Cannabis-Based Drug Reduces Hard-To-Treat Epilepsy In Children By 50 Percent


People with a rare and more severe form of epilepsy called Dravet syndrome experienced significant decrease in seizures after taking cannabis-based drug Epidiolex.

In 2018, the U.S. Food and Drug Administration approved Epidiolex for the treatment of Dravet and Lennox-Gastaut syndromes in children above age 2. It is the first time that the agency approved a drug made from purified marijuana substance as well as the first treatment for Dravet syndrome.

Results of the phase 3 clinical trial showed that a lower dose of 10 milligrams per kilogram of body weight taken daily has the same efficacy as the 20-milligram dose. The only difference of the new trial from the 2017 paper published in the New England Journal of Medicine is the dosing.

A total of 199 children with Dravet syndrome took the drug infused with cannabidiol, a non-psychoactive compound found in cannabis. Within 14 weeks, the 20-milligram group had 47 percent fewer seizures and 46 percent fewer seizures with convulsions.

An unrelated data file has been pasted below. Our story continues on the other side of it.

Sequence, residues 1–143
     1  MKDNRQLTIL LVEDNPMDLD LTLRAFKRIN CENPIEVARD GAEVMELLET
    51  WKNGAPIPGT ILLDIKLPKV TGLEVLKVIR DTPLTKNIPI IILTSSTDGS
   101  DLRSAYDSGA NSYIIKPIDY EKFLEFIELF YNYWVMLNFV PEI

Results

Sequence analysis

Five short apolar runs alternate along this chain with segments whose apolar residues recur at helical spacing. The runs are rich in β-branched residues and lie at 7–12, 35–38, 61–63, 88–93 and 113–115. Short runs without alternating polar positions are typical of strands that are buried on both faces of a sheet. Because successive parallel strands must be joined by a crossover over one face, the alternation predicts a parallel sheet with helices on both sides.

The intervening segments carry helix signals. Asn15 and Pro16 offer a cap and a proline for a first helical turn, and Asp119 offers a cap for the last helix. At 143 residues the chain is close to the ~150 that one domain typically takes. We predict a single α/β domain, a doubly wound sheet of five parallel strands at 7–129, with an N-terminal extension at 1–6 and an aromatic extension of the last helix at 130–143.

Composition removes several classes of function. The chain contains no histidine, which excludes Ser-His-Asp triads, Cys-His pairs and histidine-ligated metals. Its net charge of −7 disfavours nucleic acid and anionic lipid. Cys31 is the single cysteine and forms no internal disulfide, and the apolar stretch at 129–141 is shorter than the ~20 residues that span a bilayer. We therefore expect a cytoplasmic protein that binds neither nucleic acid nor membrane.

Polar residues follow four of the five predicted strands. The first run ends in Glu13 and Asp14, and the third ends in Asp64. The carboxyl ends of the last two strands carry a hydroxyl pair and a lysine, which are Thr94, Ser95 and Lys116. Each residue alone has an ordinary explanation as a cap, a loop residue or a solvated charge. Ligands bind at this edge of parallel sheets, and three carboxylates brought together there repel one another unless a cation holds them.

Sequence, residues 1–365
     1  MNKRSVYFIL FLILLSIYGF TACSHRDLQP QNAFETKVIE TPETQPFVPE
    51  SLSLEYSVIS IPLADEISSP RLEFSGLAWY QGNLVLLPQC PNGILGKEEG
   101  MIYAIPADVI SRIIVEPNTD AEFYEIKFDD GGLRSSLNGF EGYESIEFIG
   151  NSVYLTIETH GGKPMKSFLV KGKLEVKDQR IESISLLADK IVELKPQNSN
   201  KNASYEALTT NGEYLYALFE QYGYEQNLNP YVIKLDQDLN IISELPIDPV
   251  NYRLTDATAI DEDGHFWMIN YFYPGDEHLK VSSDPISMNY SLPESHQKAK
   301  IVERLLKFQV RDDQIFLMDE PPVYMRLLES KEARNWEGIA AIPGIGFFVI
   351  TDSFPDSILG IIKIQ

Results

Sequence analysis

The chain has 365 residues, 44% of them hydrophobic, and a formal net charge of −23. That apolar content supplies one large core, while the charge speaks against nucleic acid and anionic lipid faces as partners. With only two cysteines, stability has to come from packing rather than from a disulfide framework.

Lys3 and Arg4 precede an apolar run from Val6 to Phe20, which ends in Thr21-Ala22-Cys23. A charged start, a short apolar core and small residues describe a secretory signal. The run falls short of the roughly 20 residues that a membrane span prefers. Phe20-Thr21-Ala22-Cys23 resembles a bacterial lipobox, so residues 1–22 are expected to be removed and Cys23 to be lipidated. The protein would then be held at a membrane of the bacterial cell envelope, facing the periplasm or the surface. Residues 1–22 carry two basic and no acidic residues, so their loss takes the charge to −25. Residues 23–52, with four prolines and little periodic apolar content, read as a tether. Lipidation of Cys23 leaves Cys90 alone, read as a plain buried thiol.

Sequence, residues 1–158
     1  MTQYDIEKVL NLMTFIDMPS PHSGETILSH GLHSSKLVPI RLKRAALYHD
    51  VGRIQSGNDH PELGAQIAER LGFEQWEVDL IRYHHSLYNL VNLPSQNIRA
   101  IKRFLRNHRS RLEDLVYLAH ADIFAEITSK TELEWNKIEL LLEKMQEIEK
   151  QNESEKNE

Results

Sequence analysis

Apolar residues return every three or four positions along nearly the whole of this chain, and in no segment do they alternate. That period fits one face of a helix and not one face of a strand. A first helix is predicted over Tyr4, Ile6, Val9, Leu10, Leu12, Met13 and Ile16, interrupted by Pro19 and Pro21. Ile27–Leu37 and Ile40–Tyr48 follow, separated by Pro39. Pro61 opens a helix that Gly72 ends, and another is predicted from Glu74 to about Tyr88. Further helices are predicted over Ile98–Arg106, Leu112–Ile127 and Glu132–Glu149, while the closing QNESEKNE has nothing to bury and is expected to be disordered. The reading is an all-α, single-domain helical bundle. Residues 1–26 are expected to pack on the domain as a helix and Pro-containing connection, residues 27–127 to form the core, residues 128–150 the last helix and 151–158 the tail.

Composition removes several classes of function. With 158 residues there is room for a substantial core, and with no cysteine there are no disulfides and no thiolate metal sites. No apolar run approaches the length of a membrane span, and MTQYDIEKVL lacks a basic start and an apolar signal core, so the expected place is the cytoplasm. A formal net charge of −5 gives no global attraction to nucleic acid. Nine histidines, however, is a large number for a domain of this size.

The group with only 10 milligrams of Epidiolex had 56 percent fewer seizures and 49 percent fewer seizures with convulsions. Seizure frequency in the placebo group decreased by 30 percent, while seizures with convulsions dropped by 27 percent.

“I personally was surprised to see such a robust treatment effect of the lower dose,” said co-author Dr. Ian Miller of Nicklaus Children’s Hospital in Miami, Florida. “Side effects are less frequent at the lower dose, and

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